Wednesday, July 6, 2011

William Shakespeare

Shall I be plain?  I wish the bastards dead;
And I would have it suddenly performed.

From Act IV, scene ii, of Shakespeare's 1591 play, The Life and Death of King Richard III.  Richard III was crowned King of England on this date in 1483.  He succeeded to the throne when his 12-year-old nephew, Edward V, and Edward's younger brother (also named Richard) were declared to be illegitimate because their father (Edward IV, Richard III's older brother and the King of England from 1461 until his death in 1483) was not legally married to his mother.

Richard III died at the Battle of Bosworth Field two years later.  His defeat brought an end to the War of the Roses.  The victor in that battle was Henry Tudor, who became Henry VII. 

Historians still debate what happened to Richard's two nephews -- who became known as the "Princes in the Tower" because they moved into the Tower of London (then a royal residence, not a prison) in anticipation of Edward's coronation, and were kept there by Richard after he usurped the throne.  But most agree that the princes were eventually murdered in the Tower.  Shakespeare believed that Richard had a knight named James Tyrrell get rid of his nephews.  (In the quotation above, Richard is speaking to Tyrrell.)  Tyrell admitted committing the murders in 1501, but his confession may have been obtained through torture.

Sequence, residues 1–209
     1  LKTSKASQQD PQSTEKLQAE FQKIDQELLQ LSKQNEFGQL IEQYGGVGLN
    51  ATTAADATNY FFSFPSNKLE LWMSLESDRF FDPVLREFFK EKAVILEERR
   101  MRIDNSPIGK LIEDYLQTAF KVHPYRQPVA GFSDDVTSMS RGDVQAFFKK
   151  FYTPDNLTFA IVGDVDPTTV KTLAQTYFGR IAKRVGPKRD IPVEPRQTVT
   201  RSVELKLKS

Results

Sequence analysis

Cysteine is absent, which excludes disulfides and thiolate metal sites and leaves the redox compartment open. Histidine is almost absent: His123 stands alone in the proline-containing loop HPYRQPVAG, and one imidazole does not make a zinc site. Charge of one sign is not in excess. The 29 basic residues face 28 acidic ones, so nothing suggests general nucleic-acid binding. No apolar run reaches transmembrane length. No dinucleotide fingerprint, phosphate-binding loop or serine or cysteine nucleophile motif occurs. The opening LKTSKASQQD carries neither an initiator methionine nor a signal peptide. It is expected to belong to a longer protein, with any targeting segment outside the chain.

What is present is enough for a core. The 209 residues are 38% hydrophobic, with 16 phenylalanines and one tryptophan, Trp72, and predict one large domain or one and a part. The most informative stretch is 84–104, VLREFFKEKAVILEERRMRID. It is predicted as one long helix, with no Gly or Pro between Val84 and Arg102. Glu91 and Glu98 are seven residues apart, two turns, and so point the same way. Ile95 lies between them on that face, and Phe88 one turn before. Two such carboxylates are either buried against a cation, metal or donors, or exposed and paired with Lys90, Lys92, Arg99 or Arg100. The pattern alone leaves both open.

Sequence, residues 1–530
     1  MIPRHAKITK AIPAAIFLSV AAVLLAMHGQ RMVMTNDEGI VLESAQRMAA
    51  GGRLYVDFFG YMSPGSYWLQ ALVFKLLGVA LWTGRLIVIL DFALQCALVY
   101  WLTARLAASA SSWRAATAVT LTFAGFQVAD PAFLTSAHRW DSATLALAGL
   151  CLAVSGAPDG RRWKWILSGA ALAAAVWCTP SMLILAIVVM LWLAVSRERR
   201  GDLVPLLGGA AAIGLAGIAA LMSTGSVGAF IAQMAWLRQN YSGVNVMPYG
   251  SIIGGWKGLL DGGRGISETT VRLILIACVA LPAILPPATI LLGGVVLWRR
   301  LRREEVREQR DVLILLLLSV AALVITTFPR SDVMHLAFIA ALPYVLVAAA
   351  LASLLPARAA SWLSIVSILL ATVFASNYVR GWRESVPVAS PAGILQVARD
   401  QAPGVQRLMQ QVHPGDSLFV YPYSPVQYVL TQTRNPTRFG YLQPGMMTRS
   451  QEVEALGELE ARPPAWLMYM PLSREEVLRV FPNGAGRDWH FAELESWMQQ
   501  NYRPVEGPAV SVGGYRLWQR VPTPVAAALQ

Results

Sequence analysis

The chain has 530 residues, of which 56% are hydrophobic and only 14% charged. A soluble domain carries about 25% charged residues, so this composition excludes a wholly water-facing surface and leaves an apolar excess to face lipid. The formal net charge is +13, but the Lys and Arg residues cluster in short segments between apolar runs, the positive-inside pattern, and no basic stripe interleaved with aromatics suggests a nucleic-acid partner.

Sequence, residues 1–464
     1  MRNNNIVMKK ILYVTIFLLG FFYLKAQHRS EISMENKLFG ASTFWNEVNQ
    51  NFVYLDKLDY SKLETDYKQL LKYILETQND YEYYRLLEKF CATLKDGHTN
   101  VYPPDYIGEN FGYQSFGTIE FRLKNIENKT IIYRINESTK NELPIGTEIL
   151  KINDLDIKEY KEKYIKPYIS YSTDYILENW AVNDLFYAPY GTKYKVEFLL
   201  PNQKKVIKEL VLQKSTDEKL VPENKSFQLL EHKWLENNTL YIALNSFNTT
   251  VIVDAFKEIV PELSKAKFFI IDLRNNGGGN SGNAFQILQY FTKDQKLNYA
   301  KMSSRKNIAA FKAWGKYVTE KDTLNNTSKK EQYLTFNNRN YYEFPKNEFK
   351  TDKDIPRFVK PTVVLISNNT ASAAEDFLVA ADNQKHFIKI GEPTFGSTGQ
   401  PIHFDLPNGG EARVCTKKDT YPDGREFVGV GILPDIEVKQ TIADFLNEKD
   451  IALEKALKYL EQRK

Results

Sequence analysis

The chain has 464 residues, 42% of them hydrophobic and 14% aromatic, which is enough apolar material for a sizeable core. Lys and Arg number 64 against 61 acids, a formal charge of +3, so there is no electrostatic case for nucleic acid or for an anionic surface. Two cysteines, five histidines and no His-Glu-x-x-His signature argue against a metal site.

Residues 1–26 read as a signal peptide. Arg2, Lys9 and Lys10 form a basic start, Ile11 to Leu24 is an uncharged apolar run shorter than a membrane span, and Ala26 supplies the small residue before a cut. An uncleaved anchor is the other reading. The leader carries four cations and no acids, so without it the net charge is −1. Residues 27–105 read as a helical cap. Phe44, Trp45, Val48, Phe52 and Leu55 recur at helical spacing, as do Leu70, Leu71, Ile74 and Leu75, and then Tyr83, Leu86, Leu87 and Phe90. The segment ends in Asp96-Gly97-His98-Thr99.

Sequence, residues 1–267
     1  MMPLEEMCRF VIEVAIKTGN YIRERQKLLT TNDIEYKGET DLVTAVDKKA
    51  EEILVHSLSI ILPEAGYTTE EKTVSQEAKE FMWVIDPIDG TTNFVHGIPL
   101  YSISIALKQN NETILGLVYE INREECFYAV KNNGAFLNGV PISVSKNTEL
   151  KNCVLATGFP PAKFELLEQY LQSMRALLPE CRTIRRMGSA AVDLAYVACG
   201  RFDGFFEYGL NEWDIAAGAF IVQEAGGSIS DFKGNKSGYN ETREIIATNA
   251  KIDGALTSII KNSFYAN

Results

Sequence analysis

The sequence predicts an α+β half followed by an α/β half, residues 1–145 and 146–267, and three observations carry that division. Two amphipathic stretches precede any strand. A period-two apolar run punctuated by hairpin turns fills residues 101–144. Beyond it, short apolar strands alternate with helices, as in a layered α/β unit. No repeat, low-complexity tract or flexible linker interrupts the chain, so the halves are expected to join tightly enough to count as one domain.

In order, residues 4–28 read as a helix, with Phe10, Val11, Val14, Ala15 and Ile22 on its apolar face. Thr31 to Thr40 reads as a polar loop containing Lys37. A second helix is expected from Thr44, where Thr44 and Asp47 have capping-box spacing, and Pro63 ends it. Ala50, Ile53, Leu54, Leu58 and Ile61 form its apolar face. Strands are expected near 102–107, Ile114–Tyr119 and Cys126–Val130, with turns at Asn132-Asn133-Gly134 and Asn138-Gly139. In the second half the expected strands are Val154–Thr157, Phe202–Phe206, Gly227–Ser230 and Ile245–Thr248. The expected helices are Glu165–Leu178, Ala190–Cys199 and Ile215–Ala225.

Richard III

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